For example, at Pittsburg State University, Gus the Gorilla checks in with students to see how they’re feeling as they start the semester. He asks questions to get a general sense of excitement or nervousness; presents follow-up questions to drill down to specific issues; and provides recommendations based on how the student responds. The conversation continues as the student responds, and the student who expressed concern through this check-in gets immediate information, sources of support, and reassurance.
Let’s be clear, though: this is not a survey where student responses aren’t reviewed until weeks later. This is a one-on-one student engagement tool, deployed at scale, through a medium that students regularly use (text messaging), designed to adapt its responses to the needs of the individual student. This is a proactive approach to student persistence.
Checking in at HBCUs
Let’s take a moment, though, to look at the specific challenges facing students at HBCUs. In general, HBCUs have lower graduation rates with only 35% of students graduating. But let’s not assume that the challenges they face are the same as non-HBCU students.
From our spring check-in with HBCU students, 52% of them were excited about the semester, 22% were neutral, and 26% were overwhelmed or nervous.
Of those who felt good and excited, half of them still had concerns about academics, and 60% of students who were feeling overwhelmed or nervous asked for academic support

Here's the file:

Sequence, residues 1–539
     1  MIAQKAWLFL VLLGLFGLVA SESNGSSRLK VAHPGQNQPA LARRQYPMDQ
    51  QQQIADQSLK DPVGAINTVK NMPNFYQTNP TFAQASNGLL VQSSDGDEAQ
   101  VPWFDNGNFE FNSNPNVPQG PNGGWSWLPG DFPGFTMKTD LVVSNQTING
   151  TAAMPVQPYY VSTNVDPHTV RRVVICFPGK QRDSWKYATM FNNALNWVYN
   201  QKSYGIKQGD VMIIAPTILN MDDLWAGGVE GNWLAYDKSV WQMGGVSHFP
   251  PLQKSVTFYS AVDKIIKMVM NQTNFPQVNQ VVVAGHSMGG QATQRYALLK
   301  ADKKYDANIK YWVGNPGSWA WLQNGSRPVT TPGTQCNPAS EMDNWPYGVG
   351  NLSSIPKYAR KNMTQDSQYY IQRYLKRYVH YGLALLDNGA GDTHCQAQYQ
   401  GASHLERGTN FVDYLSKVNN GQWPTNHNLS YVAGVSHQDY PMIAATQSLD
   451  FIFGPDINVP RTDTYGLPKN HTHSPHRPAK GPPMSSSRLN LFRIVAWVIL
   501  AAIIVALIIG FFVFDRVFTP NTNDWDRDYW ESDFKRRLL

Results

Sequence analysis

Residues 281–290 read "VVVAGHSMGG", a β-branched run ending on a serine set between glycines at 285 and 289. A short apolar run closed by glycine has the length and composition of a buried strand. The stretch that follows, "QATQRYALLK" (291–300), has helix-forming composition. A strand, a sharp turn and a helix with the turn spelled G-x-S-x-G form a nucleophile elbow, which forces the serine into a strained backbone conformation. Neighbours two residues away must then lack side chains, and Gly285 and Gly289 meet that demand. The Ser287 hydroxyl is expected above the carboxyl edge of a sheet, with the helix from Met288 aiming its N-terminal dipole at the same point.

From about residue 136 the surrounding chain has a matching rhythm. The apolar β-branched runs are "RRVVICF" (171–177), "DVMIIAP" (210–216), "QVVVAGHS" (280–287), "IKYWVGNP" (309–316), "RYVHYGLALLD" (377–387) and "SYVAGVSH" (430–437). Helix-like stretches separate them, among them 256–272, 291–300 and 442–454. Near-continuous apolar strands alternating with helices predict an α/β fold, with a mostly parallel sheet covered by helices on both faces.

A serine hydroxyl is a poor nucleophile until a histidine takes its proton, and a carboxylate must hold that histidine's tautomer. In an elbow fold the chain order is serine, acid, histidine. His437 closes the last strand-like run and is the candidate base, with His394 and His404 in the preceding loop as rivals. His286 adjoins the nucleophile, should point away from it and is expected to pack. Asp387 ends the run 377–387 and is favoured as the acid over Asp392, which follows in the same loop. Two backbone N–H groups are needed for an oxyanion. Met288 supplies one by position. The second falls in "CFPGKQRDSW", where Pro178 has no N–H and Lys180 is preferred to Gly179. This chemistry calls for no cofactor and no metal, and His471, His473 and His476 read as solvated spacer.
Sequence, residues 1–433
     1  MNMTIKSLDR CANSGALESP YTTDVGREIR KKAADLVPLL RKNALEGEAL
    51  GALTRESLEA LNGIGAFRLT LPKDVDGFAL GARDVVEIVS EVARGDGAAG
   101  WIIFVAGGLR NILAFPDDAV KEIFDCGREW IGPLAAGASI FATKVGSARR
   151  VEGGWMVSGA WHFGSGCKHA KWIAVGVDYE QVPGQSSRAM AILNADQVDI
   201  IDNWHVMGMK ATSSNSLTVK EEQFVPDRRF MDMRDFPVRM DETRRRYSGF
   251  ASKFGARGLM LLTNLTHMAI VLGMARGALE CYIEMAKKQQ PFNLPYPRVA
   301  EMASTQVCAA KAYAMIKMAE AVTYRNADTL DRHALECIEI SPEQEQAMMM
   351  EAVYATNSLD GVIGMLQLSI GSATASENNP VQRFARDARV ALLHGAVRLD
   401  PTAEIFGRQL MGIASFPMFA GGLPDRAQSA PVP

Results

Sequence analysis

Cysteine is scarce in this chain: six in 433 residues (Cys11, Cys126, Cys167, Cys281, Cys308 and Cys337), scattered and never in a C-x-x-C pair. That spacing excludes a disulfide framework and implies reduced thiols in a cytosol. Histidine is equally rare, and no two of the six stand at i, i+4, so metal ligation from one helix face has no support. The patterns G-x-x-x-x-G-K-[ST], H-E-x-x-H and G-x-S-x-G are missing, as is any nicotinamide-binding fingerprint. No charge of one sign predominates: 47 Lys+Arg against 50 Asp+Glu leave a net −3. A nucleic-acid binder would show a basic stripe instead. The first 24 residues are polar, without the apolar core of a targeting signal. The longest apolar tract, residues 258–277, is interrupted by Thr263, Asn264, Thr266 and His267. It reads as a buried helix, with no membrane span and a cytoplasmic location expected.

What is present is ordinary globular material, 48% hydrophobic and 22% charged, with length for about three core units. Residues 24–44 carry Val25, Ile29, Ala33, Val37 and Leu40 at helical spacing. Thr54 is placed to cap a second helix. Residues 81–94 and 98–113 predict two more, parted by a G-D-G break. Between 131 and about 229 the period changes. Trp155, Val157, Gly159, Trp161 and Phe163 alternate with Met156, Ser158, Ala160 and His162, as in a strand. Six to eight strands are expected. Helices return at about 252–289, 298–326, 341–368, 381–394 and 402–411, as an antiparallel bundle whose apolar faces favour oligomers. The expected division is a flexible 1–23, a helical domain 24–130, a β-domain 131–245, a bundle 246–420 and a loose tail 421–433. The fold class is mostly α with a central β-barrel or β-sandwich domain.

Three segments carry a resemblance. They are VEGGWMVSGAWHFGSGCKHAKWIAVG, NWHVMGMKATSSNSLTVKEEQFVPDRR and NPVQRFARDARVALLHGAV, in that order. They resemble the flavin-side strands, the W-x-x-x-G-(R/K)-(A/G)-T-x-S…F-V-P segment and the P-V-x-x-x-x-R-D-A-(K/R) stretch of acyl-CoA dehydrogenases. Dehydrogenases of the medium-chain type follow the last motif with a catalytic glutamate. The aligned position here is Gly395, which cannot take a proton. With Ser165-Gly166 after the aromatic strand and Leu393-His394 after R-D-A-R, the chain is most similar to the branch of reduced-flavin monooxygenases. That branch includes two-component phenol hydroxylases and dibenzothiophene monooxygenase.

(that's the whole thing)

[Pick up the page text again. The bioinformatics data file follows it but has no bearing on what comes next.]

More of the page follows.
In general, HBCU students were concerned about academics first (45.71%), followed by finances (34.29%), then social engagement (11.43%), and, finally, wellness (8.57%)
Interestingly, social engagement was not a concern for students who felt overwhelmed at HBCUs, and wellness was not a reported concern for those feeling neutral at the start of the semester
At non-HBCU institutions, almost 50% of students reported feeling excited about the semester, 28% were neutral, and 23% were overwhelmed or nervous. At these same institutions, approximately 25% of students reported wellness as their biggest concern and 13% of students reported social engagement, significantly higher than those students at HBCUs.
What we find here is interesting, as wellness has become one of the leading reasons students choose to leave college. At HBCUs, however, responses do not align with the national data and research as wellness ranks last when it comes to the concerns these students have. For those working at HBCUs, it will be imperative for you to understand the specific motivations of your student population in order to support persistence to graduation.
What Do These Differences Tell Us?
A high-level glance might tell us that some differences exist between HBCUs and non-HBCUs in terms of student concerns at the start of a semester. If you look deeper, however, you will see that capturing the student voice and understanding individual student perspectives provides a much clearer picture of the needs of an individual student. Capturing the student voice allows you to better understand student motivations and more effectively provide resources to support persistence.
As you think about ways in which you will address student persistence on your own campus, consider the importance of the student voice in helping you offer individualized support, recommendations, and solutions at scale. Reflect on how the integration of AI and, more importantly, the student voice of your specific campus population could impact the work you do and provide insight into student motivations that you can’t collect in surveys, focus groups, or other mass forms of assessment. Consider and commit to the role technology plays in student success and, as Dr. King would put it, in helping students achieve the legitimate goals of their life.